Who should decide how to conserve Alaska's resources?

Regarding the Dec. 4 article, "Why some gun owners are unhappy with Bush," gun owners' objections to logging in the Tongass and Chugach National Forests in Alaska illustrate the problem Alaskans have with politicians from the lower 48 states managing their resources. Alaskans rely on development of natural resources including forest products, fishing, and energy to achieve a decent standard of living.

I traveled in southeast Alaska after President Clinton imposed restrictions on logging in the Tongass National Forest. The economies were devastated and the people suffered.

The Tongass and Chugach forests can provide sustainable timber and pulp production. Alaskans know the value of protecting the environment without anyone from the lower 48 telling them how they should arrange their lives.
Robert Campbell
Salem, N.H.

It's obvious to those of us who have spent our lives hunting and fishing that President Bush's natural resource agenda is a half- century behind mainstream conservation. His unrelenting pressure to eviscerate our last wild lands with oil and gas wells, clear-cuts, and mines is simply the same path we were headed down three decades ago when we realized we were losing our salmon, wildlife diversity, and last wild places.

Any short-term surge in logging and construction jobs anticipated from removing the Tongass and Chugach National Forests from the "roadless rule" will not bring economic stability to southeast Alaska.

There is a future for hunting and fishing in America, but it will never be found behind the fences of private preserves or amid the ruins of roads, clear-cuts, and oil fields.
Scott Stouder
Pollock, Idaho

Chinese muscle stirs Taiwan anxiety

Regarding the Dec. 4 article, "Taiwan tempers provocative question": Taiwan President Chen Shui-bian's fixation on conducting a defensive referendum next March is puzzling to analysts and inconvenient to the US government. It should be pointed out, however, that Chen's party has long adopted the view, enunciated in its 1999 resolution on Taiwan's future, that Taiwan is already a sovereign nation whose name is the Republic of China, that hence there is no need to declare independence, and that any change to the status quo must have the people's consent. Referendum is thus a tool for expressing the will of the people.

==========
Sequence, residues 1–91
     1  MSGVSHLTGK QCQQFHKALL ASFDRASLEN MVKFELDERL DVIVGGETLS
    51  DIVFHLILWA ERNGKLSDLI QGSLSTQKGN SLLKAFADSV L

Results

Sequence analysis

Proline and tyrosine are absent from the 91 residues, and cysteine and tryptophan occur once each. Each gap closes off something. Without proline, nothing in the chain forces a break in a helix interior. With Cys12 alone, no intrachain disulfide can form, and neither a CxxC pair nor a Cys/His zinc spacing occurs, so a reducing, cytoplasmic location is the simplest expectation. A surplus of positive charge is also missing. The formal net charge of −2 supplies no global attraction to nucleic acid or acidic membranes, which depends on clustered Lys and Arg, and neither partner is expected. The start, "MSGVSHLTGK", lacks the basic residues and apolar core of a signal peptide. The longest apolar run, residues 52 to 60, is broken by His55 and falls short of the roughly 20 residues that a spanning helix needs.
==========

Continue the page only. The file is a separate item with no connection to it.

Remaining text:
Whether China's deployment of 496 missiles aimed at Taiwan justifies Chen's call for a defensive referendum is open to debate, but his call clearly shows that Beijing has never abandoned the use of force against Taiwan and that China's "coercive diplomacy" has made it increasingly difficult for Taiwan to maintain its de facto independence.

Other than unequivocally stating that it opposes attempts by China or Taiwan to upset stability in the Taiwan Strait, the US should just let Taiwan's sophisticated voters rein in politicians who fail to heed their aspirations for stability, dignity, and security.
Vincent Wei-cheng Wang
Richmond, Va.
Department of Political Science, University of Richmond

Reasons for US presence in Iraq

Regarding the Dec. 1 article, "Difficulty of selling a long-term presence in Iraq," our presence in Iraq has a threefold purpose: First, to preserve our economic interests by safeguarding regional oil supplies. Second, to stabilize the situation by creating a democratic government central to our nation's interests and to the preservation of Israel. And third, to confront the terrorist threat at its source. For Democrats and Republicans to claim otherwise is disingenuous.
Gerald McSheffrey
Glendale, Ariz.

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